Mayor Richard Hillman is in a war of words with the city's boating industry.
Hillman is, "like most Annapolitans, not a boater," he says. Like a lot of nonboaters, he occasionally looks askance at the hordes of "yachties" who arrive each summer to crowd the streets and waters of this otherwise quaint city by the bay. Sometimes he looks askance out loud.
So it was that recently, reiterating opposition to efforts to repeal a county-city boat slip tax, he boldly characterized the local boating business as "just ugly sticks in public water."
The phrase, which Hillman says later was printed in local newspapers out of context, won him a wrathful front-page rebuttal in the local advertising handout, the Publick Enterprise, in which the comment was called "one of the most egregiously stupid political remarks of the decade."
That doesn't bother Hillman, who sniffs: "I don't read the Enterprise." Anyway, he said, he wasn't referring to boats, which he finds attractive. He was talking about marinas.
The marinas in Annapolis "have a little land for parking, a little building for services. Maybe they sell bait there," he said with undisguised contempt. "Then they use our water--water that belongs to everyone--and rent it to people. They don't have a big investment. It's not as though they built something in the water that was inherently attractive. No one thinks a marina is attractive. It's just pilings and planks."
"And then," he continued, "they begrudge us a puny $290,000 in tax revenues, which they don't even pay themselves."
The $290,000, a not-insignificant chunk of the $13 million the city raises in general tax revenues yearly, comes from a 10 percent slip tax paid by anyone who docks a boat in Anne Arundel County.
The tax also raises more than half a million dollars for the county government. That pleases both jurisdictions.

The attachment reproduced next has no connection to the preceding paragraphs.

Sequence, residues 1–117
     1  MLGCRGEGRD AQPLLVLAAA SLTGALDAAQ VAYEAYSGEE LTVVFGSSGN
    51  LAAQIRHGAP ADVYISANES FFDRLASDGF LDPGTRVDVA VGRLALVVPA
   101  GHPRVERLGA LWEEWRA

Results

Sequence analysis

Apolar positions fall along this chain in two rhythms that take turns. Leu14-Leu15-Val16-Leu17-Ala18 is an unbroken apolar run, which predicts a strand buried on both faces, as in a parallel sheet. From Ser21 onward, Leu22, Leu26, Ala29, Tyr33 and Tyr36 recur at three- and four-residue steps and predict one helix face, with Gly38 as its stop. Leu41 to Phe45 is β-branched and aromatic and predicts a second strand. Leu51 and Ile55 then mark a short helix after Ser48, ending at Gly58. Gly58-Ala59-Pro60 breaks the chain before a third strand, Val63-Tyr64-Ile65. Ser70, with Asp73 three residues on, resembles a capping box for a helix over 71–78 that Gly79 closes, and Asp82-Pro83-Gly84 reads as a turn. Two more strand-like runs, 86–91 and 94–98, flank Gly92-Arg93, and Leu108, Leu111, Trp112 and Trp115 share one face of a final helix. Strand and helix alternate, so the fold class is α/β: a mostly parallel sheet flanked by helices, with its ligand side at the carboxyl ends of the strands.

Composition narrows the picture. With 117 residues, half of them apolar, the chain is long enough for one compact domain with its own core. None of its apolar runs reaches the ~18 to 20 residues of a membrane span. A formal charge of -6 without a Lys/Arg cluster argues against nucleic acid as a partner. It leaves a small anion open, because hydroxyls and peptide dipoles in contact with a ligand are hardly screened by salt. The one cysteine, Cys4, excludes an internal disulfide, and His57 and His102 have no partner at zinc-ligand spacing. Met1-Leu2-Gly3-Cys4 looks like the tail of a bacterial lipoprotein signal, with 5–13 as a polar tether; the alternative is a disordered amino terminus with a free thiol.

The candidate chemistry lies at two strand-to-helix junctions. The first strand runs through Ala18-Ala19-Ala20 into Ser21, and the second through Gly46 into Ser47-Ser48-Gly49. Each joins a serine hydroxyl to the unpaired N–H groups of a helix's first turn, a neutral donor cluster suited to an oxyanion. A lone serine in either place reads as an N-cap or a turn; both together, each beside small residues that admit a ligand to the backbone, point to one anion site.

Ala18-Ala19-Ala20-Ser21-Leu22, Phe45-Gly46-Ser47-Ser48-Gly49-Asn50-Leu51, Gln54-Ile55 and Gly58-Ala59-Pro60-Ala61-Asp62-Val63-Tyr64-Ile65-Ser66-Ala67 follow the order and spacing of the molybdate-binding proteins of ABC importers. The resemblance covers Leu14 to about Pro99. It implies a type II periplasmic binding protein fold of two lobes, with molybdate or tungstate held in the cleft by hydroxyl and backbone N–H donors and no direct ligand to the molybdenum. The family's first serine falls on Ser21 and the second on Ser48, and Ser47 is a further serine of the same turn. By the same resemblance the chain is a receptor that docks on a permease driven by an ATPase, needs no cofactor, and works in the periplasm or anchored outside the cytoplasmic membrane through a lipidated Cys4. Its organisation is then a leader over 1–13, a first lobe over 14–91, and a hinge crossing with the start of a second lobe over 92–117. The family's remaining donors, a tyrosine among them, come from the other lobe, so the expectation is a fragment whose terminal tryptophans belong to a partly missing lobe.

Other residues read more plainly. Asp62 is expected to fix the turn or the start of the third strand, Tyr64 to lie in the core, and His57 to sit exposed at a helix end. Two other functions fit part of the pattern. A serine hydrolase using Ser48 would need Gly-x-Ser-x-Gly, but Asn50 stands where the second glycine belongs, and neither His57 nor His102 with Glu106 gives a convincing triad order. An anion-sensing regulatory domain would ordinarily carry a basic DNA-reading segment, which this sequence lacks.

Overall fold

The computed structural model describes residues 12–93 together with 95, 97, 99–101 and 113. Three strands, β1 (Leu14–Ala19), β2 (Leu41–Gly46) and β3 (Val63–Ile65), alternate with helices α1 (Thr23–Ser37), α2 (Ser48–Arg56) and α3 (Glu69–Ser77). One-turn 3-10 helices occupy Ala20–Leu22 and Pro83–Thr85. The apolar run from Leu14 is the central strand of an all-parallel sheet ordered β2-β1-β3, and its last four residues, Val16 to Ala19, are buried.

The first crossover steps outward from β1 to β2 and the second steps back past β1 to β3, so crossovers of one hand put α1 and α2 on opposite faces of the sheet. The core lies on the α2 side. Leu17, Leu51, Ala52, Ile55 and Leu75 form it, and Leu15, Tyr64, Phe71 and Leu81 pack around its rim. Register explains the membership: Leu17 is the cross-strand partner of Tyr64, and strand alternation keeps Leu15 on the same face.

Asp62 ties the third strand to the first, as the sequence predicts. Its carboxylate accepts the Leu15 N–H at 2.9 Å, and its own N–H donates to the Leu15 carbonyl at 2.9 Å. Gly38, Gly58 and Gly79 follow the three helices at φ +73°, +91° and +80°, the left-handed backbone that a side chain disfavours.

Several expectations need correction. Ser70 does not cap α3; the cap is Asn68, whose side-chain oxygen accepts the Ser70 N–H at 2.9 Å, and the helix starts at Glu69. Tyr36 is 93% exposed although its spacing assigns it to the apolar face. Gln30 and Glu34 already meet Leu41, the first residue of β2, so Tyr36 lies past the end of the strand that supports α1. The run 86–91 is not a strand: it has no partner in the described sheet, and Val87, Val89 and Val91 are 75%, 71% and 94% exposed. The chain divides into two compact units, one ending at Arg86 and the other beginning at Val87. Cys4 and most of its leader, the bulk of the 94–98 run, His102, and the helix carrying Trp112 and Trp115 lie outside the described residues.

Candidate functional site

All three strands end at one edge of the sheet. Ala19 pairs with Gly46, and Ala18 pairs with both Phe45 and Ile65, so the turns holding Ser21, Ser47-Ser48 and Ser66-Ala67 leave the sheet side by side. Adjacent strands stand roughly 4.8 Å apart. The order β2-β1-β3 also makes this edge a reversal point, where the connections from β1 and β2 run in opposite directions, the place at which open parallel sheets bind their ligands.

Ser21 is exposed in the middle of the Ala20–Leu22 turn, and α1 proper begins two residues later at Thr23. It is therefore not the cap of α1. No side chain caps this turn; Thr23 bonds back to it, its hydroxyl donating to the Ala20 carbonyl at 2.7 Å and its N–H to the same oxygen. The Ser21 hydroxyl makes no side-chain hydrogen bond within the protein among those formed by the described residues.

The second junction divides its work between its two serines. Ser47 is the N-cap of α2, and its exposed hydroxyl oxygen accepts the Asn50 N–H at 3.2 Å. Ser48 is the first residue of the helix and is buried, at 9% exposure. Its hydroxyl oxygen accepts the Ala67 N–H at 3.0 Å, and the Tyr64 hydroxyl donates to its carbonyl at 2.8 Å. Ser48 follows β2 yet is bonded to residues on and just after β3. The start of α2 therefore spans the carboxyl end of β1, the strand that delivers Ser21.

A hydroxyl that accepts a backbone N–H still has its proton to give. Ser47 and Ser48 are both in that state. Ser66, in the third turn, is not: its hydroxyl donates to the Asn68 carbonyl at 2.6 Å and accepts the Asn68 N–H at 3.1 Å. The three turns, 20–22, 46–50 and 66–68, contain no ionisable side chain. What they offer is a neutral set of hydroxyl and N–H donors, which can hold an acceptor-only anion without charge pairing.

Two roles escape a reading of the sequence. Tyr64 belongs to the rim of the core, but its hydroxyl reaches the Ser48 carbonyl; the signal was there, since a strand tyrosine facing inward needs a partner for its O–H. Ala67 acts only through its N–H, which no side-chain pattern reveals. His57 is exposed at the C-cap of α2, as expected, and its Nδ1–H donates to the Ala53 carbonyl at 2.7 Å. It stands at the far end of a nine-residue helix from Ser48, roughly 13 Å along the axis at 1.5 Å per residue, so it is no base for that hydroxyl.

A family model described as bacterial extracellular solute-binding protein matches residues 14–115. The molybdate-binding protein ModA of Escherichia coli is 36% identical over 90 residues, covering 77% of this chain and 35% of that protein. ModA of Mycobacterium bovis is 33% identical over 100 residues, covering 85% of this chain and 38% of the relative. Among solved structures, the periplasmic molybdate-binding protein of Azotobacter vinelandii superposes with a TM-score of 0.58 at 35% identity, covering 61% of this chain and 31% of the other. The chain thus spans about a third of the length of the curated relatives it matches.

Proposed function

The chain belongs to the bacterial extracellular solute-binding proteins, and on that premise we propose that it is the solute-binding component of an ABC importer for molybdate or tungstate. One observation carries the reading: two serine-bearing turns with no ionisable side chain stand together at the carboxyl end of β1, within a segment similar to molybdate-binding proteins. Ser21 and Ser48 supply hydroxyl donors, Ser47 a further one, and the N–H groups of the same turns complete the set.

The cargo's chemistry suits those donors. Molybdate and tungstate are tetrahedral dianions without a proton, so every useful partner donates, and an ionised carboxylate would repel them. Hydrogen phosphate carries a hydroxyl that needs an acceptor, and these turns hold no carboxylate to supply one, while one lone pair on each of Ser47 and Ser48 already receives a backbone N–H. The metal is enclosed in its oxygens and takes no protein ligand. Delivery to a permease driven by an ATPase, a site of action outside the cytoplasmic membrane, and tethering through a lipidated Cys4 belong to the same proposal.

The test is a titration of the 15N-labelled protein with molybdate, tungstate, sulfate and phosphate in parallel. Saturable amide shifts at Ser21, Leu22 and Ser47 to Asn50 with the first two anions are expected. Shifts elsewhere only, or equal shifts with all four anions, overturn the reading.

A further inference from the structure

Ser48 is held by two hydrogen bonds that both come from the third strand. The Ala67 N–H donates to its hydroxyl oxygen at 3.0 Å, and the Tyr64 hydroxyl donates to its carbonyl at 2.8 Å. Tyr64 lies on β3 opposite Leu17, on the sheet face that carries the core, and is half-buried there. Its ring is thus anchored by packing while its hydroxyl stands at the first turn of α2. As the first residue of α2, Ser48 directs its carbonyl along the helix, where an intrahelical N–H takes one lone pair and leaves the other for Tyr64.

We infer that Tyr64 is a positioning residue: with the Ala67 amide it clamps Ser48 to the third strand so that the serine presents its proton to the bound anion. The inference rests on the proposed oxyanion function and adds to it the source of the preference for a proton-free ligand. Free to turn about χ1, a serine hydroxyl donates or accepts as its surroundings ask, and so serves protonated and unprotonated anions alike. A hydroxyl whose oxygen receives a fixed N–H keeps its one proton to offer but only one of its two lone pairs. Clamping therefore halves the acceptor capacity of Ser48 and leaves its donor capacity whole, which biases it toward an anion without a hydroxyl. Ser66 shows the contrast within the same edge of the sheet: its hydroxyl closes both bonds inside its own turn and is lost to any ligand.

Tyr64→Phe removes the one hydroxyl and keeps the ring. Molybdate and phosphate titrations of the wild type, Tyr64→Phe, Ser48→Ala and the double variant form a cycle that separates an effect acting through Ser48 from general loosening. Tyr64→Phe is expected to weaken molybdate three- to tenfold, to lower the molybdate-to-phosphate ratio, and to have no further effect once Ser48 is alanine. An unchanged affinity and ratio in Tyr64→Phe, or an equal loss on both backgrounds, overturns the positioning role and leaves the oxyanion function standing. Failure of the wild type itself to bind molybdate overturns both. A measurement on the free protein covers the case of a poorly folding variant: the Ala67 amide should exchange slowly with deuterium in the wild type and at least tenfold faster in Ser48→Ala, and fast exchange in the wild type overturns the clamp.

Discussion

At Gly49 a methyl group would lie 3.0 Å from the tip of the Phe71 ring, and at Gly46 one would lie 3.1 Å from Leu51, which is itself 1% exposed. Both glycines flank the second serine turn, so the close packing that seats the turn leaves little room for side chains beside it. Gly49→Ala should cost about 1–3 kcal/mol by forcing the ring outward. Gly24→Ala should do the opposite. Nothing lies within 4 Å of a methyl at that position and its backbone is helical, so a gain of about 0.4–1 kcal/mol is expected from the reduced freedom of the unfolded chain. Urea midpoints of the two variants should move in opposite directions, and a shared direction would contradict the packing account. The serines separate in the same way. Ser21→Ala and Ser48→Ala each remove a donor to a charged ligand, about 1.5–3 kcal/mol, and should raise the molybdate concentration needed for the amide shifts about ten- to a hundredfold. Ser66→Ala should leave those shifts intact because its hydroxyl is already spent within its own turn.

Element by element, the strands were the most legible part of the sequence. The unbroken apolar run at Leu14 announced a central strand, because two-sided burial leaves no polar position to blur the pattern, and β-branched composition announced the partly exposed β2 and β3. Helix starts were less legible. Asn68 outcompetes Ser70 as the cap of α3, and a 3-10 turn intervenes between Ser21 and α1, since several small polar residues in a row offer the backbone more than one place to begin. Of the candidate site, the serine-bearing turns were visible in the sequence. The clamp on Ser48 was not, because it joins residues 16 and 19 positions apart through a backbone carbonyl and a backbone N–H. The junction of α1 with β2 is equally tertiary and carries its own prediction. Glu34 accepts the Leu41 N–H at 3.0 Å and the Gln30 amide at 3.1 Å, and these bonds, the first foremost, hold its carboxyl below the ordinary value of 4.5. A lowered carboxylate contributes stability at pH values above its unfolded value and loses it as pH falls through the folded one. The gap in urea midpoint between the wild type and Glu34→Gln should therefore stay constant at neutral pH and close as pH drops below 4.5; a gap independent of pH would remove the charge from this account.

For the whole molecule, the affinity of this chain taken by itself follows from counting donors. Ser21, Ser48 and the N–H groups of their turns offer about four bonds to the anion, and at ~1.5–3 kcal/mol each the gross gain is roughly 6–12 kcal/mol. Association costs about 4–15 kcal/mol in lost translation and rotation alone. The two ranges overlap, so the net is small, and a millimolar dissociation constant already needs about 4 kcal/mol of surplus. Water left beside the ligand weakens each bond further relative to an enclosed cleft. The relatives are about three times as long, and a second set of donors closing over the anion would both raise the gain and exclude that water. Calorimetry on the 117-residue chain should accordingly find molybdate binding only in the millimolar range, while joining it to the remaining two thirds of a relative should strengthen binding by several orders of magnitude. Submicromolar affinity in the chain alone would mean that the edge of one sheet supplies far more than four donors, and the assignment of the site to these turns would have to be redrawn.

But it infuriates many marina operators, who contend, as one of them put it, that it is the only such tax in the "state, the region, the nation or possibly the world," and is putting them at a disadvantage in competing with marinas in neighboring Baltimore, Calvert County and Kent Island across the bay.
Hillman and County Executive James Lighthizer, citing budget difficulties, steadfastly defend the 10-year-old tax and have prevailed upon the legislature, which authorized it, not to repeal the authorization.
Marina operators just as steadfastly hope to kill the tax, or at least convince the county commissioners to phase it out, said Mick Blackistone, executive director of the Anne Arundel and Maryland Marine Trades Associations.
Blackistone said that the tax, tacked onto the already high costs of boating in Annapolis and the county, is pushing yachts elsewhere. He said that marinas in Annapolis are about 15 percent empty, where a few years ago there were waiting lists.
"Calvert Marina on rural Solomons Island, south of Annapolis advertises, 'No tax; one hour from the Washington Beltway; no traffic,' " said Blackistone. "How can a guy in Annapolis compete with that?"
Calvert County commissioners have declared that Solomons "will replace Annapolis as the yachting capital of Maryland, and they're living up to it," Blackistone said.
Annapolis marina owner John Meneely calls the Calvert challenge "fightin' words." But, said Meneely: "The city Annapolis acts like it isn't true, and it doesn't care, anyway."
The typical boat slip in Annapolis costs between $2,000 and $3,000 a year, Blackistone said. Marina owners usually add the 10 per cent tax of $200 to $300 as a line item in the bill. It rankles marina operators to think that their counterparts elsewhere can, with lower property costs and no tax to contend with, undercut those charges by $1,000 or more.
Hillman maintains that Annapolis will always be the hub of Maryland boating, regardless of the tax. "Solomons and Kent Island are nice," he said, "but there's only one Annapolis. People keep their boats here for a reason."
"People sit on their boats at the dock more than they sail on them," the mayor explained. "They do that because it's Annapolis. We feel, here's a small way we can tax these visitors. It's nice revenue that doesn't hurt anyone and we can tell our residents: 'Look, the streets and waters are crowded, but they do pay a slip tax that's saving 9.8 cents per $100 on the tax rate.' "
Hillman says it appalls him that marina operators contend they don't get any services for their slip-tax dollars.
"I said, 'Okay, then I'll tell my firemen next time there's a fire at a marina, don't go.' "
And the war goes on.